Working with an industrial sewing machine and gold leaf on paper, Henson approaches her abstractions with as much muscle as grace.  As the tightly nestled and brightly colored thread accretes across the surface in clusters, the paper buckles and contorts adding a sculptural dimension that is echoed by the reflectivity of the metallic leafing. 

Henson is a subtly clever colorist as well, at times situating slight tonal variances side by side or leaving considerable swaths of the paper unsewn. A group of works using primarily black thread on black paper reinforce this disciplined aspect of her work, encouraging a totalizing, topographical effect. 

Taken together, this body of work serves as a concise introduction to Henson’s practice and her particular inversion of painterly abstraction—one that is refracted through a prism of both craft and industrial manufacture. 

Jack Barrett presents "Plant a Weed", a group exhibition that brings together new and existing works by sixteen artists, from New York City, Los Angeles, Pacifica and Mexico City. On view from June 17 to July 22, 2023, the exhibition is curated by Francesca Altamura, an independent curator and organizer based in New York, NY. The exhibition will mark the debut of new works by over sixteen participating artists.

The artists in "Plant a Weed" offer a counterpoint to what is understood as natural, offering an expansion of systems, of publics, and a glimpse into the lives lived and loved within the urban ecosystem. Street detritus, both natural and human-made, maps out a cosmos of the non-desirable. Paper towels, Windex, egg shells, cigarettes, mummified rats, scorpions, lollipops, hard-shell tacos, fabric, paper, plastic, leather, and other mixed debris coagulate to form a new ecology.

The scurrying of critters acts as a score for the de facto co-habitual relationship New Yorkers, human and non-human, share. While pizza rats embark on a quest for a slice and a subway seat, the Adams administration appoints a ‘Rat Czar,’ a Sisyphean display of control over the non-human taking place during a generation-defining housing and medical crisis.

Amidst meticulously manicured astroturf and glistening corporate lawns, a weed resolutely disrupts the imposed order of the grid, of who belongs here, and of authority. In this whimsical interplay of urban encounters, resilience emerges, dismantling the hedgerows between the imaginary borders that demarcate the natural and human worlds.

Several artists in the exhibition including Michael Assiff and Salome Asega have undergone extensive fieldwork to shed light on their artworks. In Assiff’s new paintings from 2023, he trucked cross country with a childhood friend, observing the infrastructure and plant life that grows alongside truck stops, highways and spaces frequented by long-haul truckers. The 3D-printed monster truck model, Asega’s RATs, literally printed in the shape of a rat, which first debuted in the 2022 iterations of Nuit Blanche and Munchmuseet’s Munch Triennale, delves into Risk Assessment Tools, or AI technological systems, that are used by city agencies to make biased decisions about bail, prison sentencing, welfare, medical benefits and housing services. Saif Azzuz excavates the colonial history of Collect Pond Park in Lower Manhattan. In We don’t want your kind here (No’-oh) from 2022, the steel fence acts as a physical symbol of relentless colonial campaigns to privatize and monetize land and natural resources once stewarded by the Lenape.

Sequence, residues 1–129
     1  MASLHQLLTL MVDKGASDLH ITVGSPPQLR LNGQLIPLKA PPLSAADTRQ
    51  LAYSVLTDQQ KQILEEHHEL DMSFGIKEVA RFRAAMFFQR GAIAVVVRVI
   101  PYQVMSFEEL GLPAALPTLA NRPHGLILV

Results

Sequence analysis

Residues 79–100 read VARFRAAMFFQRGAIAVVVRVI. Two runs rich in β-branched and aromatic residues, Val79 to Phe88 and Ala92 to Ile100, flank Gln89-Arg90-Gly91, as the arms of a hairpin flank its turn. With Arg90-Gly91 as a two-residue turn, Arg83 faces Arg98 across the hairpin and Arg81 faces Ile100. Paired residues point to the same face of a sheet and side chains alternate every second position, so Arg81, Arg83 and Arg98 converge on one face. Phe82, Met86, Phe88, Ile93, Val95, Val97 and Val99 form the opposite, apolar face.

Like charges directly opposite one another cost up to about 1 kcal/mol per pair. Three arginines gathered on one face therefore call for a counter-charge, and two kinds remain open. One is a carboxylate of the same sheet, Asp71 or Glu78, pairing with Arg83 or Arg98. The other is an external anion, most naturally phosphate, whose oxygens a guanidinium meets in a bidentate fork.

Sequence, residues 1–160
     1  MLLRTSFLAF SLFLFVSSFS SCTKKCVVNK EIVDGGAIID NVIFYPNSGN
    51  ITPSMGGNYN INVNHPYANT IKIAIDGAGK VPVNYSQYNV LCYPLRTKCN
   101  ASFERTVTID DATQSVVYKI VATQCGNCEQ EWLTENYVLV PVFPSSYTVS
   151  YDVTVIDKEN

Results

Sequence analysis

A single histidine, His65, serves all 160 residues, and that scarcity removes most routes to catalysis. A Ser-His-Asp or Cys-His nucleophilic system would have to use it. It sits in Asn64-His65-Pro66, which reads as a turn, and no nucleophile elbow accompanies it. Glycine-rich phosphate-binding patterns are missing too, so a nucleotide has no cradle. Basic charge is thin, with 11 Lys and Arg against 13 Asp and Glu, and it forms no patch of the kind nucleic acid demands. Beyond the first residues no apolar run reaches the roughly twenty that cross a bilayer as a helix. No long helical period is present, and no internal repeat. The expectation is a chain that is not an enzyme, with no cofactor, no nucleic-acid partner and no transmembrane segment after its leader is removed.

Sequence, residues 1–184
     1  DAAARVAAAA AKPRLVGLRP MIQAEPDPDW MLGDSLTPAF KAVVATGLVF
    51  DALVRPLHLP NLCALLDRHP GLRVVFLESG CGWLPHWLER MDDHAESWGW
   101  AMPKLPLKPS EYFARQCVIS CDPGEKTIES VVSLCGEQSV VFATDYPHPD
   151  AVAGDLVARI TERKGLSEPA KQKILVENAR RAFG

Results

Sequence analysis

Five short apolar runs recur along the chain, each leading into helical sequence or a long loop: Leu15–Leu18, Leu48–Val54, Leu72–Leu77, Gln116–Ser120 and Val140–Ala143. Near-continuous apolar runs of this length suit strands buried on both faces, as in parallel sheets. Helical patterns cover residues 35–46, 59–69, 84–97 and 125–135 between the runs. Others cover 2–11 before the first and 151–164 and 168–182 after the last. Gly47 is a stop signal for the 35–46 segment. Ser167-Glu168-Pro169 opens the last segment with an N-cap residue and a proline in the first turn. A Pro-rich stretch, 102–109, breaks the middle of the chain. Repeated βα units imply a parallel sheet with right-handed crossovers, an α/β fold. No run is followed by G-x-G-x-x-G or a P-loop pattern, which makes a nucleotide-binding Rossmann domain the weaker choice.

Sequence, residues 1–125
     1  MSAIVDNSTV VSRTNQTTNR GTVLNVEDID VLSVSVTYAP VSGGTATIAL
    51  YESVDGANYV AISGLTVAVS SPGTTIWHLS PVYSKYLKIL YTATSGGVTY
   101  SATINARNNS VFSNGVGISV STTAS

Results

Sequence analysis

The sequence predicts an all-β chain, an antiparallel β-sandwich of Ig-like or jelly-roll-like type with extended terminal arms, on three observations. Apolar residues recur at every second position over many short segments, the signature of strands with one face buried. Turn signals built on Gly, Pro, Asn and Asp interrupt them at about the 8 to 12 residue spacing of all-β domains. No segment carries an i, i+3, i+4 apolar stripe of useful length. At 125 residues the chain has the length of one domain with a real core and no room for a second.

Both Antonia Kuo and Ragini Bhow are inspired by the mercurial and moody rhythms of New York City. Kuo combines the photography taken around her home and studio, with industrial processes she learned growing up in her family’s casting foundry to create two new photographs, Aftermath and Phosphor, both from 2023. The densely layered compositions are so far abstracted from their original meaning, yet portray an emotive story about the urban landscape. Bhow enters into a transcendental state to create Wood Entity from 2023. As a means of digesting the sights and sounds of the city, she articulates amoebic forms by pressing on the blank aluminum sheets bought from an industrial metal supply store. Similar to Kuo, Justin Cloud grew up in a family of farmers, mechanics, and engineers. He uses an ancient technique called “repoussé and chasing” to create Mood Graft and Knight Kitchen from 2023, an art form used around the world to ornate metal from chalices to armor. The artist uses a hammer and chisel to shape the metal into realistic depictions of flowers.

Aryana Minai presents View and Embodied & Embedded IV from 2022, as emblems of architectural design elements. Minai creates a liquid pulp from recycled paper, then presses objects like bricks and stones, salvaged from the street, textile woodblocks and other urban artifacts, to create fossil-like imprints of the cities which she calls home, Tehran and Los Angeles. Tamara Santibañez creates new work from 2023 that exposes and interweaves meaning assigned to industrial materials, architecture and objects used for mass socio-political and symbolic actions. The artist renders two flowers, commonly used symbols of peace and resistance, in glazed porcelain that delicately hold a chain of keys and a heart-shaped lock at the center. For Santibañez, these objects represent the ‘lock bridge,’ where couples inscribe their names on padlocks, lock it on the bridge and throw the keys into the river. These gestures of eternal love are cut short due to ongoing maintenance costs and the structural integrity of the bridge being endangered by the added weight. Rodrigo Red Sandoval’s handmade manholes, constructed in Amsterdam and clogged with urban detritus from New York City, activate the gallery floor. In Sandoval’s new molds from 2023, cigarette butts and various debris clog the mouth-like openings, truncating the possibility of waste disposal. Sandoval lays bear the entanglements of global environmental degradation, breaking down the boundaries between the here vs. there of waste offsets. Within a series of three new small-scale works from 2023, Emma Safir fabricates portals between the inside and outside worlds. She first takes iPhone images from the streets, which are obscured through digital manipulation. These abstract backgrounds are printed on silk, then further distorted through traditional methods of fiber manipulation.